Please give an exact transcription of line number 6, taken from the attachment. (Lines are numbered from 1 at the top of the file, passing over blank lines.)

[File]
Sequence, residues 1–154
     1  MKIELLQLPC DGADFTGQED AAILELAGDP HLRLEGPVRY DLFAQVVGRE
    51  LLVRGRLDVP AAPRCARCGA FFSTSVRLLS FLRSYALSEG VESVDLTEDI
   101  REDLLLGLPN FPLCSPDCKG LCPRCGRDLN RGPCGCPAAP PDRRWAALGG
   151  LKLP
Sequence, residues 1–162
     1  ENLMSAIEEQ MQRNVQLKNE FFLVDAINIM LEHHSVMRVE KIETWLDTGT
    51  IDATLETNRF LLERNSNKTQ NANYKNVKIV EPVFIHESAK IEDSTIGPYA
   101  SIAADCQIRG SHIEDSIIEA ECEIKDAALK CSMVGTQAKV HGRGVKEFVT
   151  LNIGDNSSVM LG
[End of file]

Sequence, residues 1–162